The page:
Filter by: Primary Secondary

Fraser Malin

Planning infrastructure to support learning

ICT leader, Fraser Malin describes how staff at Halswell School planned the infrastructure and incorporated technologies into their design for an innovative learning environment to support learning and teaching.

Technology transforming education

Technology transforming education

Dr. David Parsons, Associate Professor Information Technology at Massey University explains the digital divide is not only about access but about how devices are used.

MCS TV – Using digital technologies to enhance literacy

MCS TV – Using digital technologies to enhance literacy

Principal, Helen Pearson and students discuss how they have used Mahurangi Christian School TV (MCS TV) to enhance literacy in their classroom.

Treetops TV

Treetops TV

Treetops TV is Leamington School's television driven by the students. Technologically capable learners put the school's learner dispositions into action. 

Student using VR equipment

Setting up virtual reality at Pakuranga College

Teachers at Pakuranga College talk about how they have introduced VR into their school and the equipment they use.

Technology supporting the school vision

Technology supporting the school vision

Principal Melissa Bell describes St Hilda's school vision and how it is supported and enabled by technology.

Selecting a 1-1 device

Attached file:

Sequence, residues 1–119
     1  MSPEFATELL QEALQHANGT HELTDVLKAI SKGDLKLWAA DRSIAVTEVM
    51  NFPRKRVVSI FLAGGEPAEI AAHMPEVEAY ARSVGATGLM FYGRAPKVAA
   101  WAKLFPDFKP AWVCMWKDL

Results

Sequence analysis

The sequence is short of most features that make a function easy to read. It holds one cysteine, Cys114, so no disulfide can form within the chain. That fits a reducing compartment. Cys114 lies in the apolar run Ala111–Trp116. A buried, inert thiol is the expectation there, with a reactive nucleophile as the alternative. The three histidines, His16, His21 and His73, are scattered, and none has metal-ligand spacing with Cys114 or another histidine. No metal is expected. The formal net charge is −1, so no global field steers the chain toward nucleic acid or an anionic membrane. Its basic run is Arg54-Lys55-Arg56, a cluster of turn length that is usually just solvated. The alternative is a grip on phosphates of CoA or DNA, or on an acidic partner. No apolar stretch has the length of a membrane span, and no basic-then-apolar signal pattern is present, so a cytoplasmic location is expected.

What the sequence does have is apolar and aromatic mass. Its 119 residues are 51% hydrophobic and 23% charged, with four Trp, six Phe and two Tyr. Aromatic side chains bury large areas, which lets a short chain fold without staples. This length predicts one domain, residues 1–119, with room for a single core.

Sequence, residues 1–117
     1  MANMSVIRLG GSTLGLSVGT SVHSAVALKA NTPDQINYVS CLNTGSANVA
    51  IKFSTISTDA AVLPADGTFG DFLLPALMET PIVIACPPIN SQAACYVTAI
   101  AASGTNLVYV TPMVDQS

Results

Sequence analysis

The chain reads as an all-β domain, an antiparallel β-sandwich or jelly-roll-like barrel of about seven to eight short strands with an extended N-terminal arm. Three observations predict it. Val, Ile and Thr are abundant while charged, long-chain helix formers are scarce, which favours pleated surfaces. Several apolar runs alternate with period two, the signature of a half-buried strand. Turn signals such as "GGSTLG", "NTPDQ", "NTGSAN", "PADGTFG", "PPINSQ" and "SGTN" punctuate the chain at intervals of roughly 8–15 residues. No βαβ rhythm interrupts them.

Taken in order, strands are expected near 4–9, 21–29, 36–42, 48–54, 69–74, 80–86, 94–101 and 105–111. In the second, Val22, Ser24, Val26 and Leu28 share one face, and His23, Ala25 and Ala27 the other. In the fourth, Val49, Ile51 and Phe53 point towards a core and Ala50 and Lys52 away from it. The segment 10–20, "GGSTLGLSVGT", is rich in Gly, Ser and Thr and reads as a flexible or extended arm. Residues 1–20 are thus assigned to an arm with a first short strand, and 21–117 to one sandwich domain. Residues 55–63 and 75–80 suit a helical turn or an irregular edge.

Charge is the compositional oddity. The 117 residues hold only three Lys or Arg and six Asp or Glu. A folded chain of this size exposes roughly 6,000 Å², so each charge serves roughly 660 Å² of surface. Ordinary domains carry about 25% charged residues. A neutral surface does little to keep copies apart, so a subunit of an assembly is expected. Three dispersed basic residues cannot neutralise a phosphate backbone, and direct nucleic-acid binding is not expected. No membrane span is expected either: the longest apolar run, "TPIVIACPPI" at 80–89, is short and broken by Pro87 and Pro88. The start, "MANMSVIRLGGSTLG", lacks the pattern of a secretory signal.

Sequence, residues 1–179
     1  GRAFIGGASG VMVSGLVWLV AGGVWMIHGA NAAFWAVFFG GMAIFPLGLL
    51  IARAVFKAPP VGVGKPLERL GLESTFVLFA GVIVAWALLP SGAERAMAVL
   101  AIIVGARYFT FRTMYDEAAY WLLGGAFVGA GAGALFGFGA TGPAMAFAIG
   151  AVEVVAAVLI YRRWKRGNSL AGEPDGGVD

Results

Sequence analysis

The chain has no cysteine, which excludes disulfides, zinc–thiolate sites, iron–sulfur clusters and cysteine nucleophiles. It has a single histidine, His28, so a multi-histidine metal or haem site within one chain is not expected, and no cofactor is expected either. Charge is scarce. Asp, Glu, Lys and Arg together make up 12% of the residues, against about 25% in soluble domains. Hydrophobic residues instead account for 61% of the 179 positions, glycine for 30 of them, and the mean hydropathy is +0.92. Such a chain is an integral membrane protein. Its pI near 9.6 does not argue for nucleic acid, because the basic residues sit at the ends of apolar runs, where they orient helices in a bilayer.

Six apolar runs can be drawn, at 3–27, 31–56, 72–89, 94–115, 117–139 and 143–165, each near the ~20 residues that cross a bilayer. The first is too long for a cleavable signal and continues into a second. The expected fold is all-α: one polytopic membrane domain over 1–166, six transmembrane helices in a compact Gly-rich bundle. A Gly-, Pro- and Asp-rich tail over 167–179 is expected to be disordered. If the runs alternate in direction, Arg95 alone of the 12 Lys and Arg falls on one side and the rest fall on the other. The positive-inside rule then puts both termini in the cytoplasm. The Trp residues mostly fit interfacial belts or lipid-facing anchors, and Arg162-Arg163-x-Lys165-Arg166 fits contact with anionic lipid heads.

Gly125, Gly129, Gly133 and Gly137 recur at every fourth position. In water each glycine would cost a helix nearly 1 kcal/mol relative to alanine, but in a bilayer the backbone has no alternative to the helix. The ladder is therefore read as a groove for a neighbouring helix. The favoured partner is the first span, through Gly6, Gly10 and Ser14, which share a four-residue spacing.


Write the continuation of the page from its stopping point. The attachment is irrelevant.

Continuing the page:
Selecting a 1-1 device

St Hilda's College staff explain the process they went through to select MacBook Pros as the 1-1 device they are currently using.

Selecting devices

BYOD – Selecting devices

Dominic Killalea, Deputy Principal at Wellington High School, discusses their key considerations for selecting devices for students.

Selecting a device for BYOD

Selecting a device for BYOD

Michael Williams and Billy Merchant from Pakuranga College, explain their change in pedagogy from telling students which device to purchase to being "device agnostic". 

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Managing school finances | Education in New Zealand

Ministry of Education school finance information including how to prepare your school’s financial statements and general financial management information.

IT hardware | New Zealand Government Procurement and Property

The All-of-Government IT hardware contract covers a wide range of products including desktops, laptops, tablets, thin clients, monitors, peripherals, other IT hardware (for example, Chromebooks), mobile phones and associated services.

e-Learning planning framework  

The-Learning Planning Framework (eLPF) and supporting information and resources helps you identify and plan for developing digital fluency.

The strategic thinking roadmap – supporting the development of your digital technologies action plan

Use this online guide to plan strategically for the effective use of digital technologies.